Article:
First time I came across Taiana Giefer’s work, I spent a while examining one of her scarves. It was majestic, in a fairy tale way, something from another era. I wondered about how it was constructed, the crisscrossing wool felt surfaces that formed a kind of a grid, leaving openings like fortress embrasures. The fringes looked liked dreadlocks; the whole things was tactile, alive. A year later I met the California-born designer when we used her scarves for one of the StyleZeitgeist magazine editorials.
Taiana began making her products in 2007. A year later Calvin Klein’s Francisco Costa noticed her work and asked her to produce special fabrics for his Fall/Winter 2009 collection. After this collaboration Taiana continued to work on her own.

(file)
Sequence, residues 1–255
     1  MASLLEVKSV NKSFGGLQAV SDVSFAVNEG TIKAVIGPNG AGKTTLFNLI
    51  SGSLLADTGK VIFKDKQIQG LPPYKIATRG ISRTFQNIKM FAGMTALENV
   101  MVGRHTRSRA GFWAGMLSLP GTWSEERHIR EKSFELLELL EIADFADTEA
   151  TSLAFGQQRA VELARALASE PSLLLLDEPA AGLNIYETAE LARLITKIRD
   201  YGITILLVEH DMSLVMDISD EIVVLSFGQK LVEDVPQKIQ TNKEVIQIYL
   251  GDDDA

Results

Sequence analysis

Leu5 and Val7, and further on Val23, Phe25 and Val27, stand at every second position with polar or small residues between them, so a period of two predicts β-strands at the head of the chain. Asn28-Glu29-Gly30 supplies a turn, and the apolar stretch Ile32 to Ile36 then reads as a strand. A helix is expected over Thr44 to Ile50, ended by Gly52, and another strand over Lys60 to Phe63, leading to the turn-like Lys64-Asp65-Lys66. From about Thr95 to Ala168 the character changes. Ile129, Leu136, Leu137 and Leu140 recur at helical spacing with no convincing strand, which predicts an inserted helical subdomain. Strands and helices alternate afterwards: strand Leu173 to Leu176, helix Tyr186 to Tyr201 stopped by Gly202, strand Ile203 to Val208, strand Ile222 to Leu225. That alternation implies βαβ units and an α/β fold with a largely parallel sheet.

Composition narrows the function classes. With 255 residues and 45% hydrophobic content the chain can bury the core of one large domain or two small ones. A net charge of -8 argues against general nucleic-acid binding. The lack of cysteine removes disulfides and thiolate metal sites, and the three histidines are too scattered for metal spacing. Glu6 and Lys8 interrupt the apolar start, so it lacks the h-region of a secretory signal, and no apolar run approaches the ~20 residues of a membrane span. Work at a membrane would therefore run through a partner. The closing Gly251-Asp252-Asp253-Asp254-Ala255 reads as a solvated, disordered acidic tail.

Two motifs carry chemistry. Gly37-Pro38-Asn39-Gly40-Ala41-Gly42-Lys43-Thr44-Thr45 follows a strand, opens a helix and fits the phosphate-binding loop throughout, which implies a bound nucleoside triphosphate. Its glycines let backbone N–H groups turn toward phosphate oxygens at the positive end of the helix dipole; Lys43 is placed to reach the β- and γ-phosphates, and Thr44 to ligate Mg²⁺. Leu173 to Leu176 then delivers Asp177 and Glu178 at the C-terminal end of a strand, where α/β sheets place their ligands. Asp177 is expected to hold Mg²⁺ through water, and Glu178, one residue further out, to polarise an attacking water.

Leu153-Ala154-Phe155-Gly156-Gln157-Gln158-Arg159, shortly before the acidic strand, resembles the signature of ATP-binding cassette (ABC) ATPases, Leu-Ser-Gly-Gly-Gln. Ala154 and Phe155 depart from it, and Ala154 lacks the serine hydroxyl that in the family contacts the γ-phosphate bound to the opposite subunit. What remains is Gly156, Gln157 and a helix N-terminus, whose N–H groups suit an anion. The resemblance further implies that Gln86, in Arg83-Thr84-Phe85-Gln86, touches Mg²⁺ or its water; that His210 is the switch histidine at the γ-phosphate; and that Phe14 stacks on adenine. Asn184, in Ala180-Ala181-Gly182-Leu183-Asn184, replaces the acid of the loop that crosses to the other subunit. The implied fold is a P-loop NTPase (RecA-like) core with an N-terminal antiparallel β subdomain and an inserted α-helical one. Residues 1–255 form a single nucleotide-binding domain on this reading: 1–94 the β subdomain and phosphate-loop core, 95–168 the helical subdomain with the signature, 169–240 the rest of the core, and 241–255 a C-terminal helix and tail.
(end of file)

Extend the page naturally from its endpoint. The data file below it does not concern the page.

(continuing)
So, about that construction: Taiana makes all the scarves herself. She felts the wool using water, organic soap, and her own hands, the same way it’s been done for hundreds of years. Each piece takes anywhere from 4 to 24 hours to felt.
Taiana sources the finest merino wool for her scarves from England, Australia, and the Falkland Islands, places with long traditions of sheep growing. She only deals with farms that grow their sheep humanely and whose wool is not subjected to harsh chemical treatments.
The designer also does all of her dyeing, using a low-impact dyeing method that has been classifies by the Oeko-Tex Standard 100 (An international Certification process) as eco-friendly. Low impact dyes do not contain toxic chemicals or mordants , require less rinsing and have high absorption rate in the fabric, which greatly reduces water waste. And it’s also how she gets those wonderfully deep colors.
Taiana’s desings are available on www.otherfashion.net